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Samsung bringing Xbox to its smartphones strengthens Microsoft's cloud gaming ambitions

At its Galaxy Unpacked event today, Samsung deepened its collaboration with Microsoft over its xCloud game streaming platform. Omdia's games analyst provides his insight into this development.

George Jijiashvili, Senior Principal Analyst, Games

August 5, 2020

4 Min Read

At its Galaxy Unpacked event today, Samsung bolstered its partnership with Microsoft by optimizing the xCloud game streaming technology on its devices, as well as offering free three months of Xbox Game Pass Ultimate with pre-orders of Note 20 smartphones. Game Pass Ultimate is a game subscription service which allows members to download and play a library of games on Xbox and PC for a monthly fee. From 15 September, over 100 games will be available to stream via xCloud, which Microsoft has been publicly testing since 2019.

Microsoft looks beyond consoles and PCs

Microsoft has previously set itself an ambitious goal of reaching two billion gamers worldwide – the only way it can achieve this is by looking for opportunities beyond gaming consoles and PCs. This however doesn’t mean that Microsoft is stepping away from these categories. The new generation of Xbox consoles, led by the Xbox Series X, is expected to be launched in few months to compete with PlayStation 5. Meanwhile, it has pledged to release upcoming first-party games on PC at the same time as on new consoles.

Partnering with Samsung, which sold nearly 300 million smartphones in 2019 alone, strengthens Xbox’s position in cloud gaming and will further increase awareness of the Game Pass subscription service, which already has over 10 million members.

Game Pass will arrive on most Android smartphones on 15 September, but in order to differentiate, Samsung has collaborated with Microsoft to deliver a more optimized experience on flagship Galaxy devices, such as the new Note 20 and Galaxy S20 devices, Galaxy Z Flip, as well as Galaxy Tab S7 tablets. Improvements include:

  • Wi-Fi optimizer for reduced latency

  • Optimized Bluetooth gamepad experience for reduced latency

  • Optimized Bluetooth audio for reduced latency

  • Game Booster app integration (includes enhanced processor management, do not disturb feature, network usage information)

  • Connect and download – the first time you pair a Bluetooth controller it initiates the set-up phase for XGPU automatically. After the app is installed, any time you hit the home button on a controller, it will automatically bring up XGPU

Securing partnerships will be vital for cloud gaming providers

Forging partnerships with the leading consumer device makers and 5G network providers will be a major battleground for cloud gaming providers, as they jostle to address casual gamers’ growing appetite for more complex games on smartphones. According to Omdia, as of July, there have already been 29 partnerships involving cloud gaming companies this year (see: Cloud Gaming Partnerships and Bundles Tracker: 2Q20). These involved the likes of Google, Nvidia, Ubitus, Rovio, Blacknut, and Tencent.

It’s important to highlight that the cloud gaming market is currently minuscule – representing less than 1% of the $120 billion global games market, according to Omdia’s Cloud Gaming Revenue Forecast. It will however grow to 5% in 2024, when it is set to generate $8 billion globally (see below).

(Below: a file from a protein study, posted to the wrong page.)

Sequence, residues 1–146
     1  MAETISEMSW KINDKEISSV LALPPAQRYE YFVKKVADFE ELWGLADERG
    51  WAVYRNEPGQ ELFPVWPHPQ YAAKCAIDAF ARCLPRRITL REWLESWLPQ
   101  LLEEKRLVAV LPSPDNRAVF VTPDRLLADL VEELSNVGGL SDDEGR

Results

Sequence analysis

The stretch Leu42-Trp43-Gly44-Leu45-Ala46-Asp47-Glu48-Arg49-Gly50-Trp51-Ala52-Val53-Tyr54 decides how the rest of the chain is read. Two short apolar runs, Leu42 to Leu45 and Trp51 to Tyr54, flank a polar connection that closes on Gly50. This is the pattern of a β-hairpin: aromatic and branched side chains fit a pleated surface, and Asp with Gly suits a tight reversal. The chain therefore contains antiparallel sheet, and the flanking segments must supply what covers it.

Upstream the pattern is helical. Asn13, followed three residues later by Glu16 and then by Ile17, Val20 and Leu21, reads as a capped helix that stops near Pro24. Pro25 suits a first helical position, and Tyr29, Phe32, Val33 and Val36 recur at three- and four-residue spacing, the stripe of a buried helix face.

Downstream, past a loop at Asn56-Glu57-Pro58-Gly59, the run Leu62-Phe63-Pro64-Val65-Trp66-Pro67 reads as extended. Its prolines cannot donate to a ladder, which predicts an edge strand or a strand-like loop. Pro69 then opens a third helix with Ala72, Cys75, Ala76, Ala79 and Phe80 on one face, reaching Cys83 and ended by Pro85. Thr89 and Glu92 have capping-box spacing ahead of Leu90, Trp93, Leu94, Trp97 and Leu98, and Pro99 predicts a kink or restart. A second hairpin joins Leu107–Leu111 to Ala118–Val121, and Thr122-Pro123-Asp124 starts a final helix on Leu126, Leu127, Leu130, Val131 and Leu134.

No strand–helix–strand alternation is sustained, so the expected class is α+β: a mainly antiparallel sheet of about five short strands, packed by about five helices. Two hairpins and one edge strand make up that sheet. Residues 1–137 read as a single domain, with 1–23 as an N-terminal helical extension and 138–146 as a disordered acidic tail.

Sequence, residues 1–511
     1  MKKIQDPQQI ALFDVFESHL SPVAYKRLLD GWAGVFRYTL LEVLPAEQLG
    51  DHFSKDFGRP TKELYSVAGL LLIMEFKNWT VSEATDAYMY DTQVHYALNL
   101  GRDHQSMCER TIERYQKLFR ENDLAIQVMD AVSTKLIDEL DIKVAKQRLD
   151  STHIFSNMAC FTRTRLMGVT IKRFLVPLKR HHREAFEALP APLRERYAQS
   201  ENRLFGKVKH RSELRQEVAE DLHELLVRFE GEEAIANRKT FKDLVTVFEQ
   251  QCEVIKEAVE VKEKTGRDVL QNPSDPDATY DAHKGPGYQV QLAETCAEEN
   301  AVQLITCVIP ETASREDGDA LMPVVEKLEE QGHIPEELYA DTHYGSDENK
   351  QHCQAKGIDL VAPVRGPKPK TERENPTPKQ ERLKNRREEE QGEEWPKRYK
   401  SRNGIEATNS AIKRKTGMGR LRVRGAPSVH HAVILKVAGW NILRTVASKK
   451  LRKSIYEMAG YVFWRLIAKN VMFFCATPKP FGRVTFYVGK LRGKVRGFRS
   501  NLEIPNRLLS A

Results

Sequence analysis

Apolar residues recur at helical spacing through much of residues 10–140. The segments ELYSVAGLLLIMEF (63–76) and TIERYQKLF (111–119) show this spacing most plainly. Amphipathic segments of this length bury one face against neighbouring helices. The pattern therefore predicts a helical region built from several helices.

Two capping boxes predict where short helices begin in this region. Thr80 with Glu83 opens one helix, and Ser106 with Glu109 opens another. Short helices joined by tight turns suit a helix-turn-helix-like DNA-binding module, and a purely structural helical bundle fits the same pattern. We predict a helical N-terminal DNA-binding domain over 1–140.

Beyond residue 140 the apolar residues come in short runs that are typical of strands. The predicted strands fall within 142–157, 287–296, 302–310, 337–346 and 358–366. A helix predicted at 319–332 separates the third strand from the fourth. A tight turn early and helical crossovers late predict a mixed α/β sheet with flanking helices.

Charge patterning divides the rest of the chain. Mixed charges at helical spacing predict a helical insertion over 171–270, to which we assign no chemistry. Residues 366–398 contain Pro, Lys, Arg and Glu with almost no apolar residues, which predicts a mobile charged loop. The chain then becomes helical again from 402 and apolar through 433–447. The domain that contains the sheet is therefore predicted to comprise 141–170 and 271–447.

Microsoft has quickly become a force to be reckoned with in cloud gaming thanks to its cloud technology, first-party content and an established Xbox gaming brand. It already has a head start with partnerships, which includes network providers SK Telecom in South Korea and Reliance Jio in India. On 4 August it partnered with several peripherals manufacturers including Razer, PowerA and 8BitDo to create accessories for cloud gaming. Importantly, Microsoft’s recent decision to shutter its video live streaming service Mixer in favor of partnership with Facebook Gaming underlines Microsoft’s desire for greater xCloud exposure.

Google, Amazon, and Sony are watching closely

Google, which does not have the benefit of a core games business like Xbox, is actively investing in creating one. Google has shown its readiness to work with network providers, has an engaged YouTube audience and Stadia is beginning to resemble a fully-fledged service following a weak launch in 2019. However, Google’s past challenges in converting free users into paying users will be difficult to overcome. Despite its AWS prowess, 150+ million Prime subscribers and Twitch ownership, Amazon has yet to enter the cloud gaming arena, with its Project Tempo launch delayed to 2021. Sony has many strengths, including 800+ games on its rival PlayStation Now cloud gaming service, but has only tentatively promoted the service on devices other than its consoles. Given its laser focus on the launch of PlayStation 5, it’s unlikely that Sony will be looking to promote the PS Now service beyond the context of its consoles in the near future.

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About the Author(s)

George Jijiashvili

Senior Principal Analyst, Games, Omdia

George is a regular contributor to Game Developer and a principal analyst at Omdia, leading research into games and AR/VR markets. Based in London, he produces insights into the games sector through regular reports, market sizing and forecasting. His specialisms include the video games market, cloud gaming, and wearable technology. He previously worked at CCS Insight.

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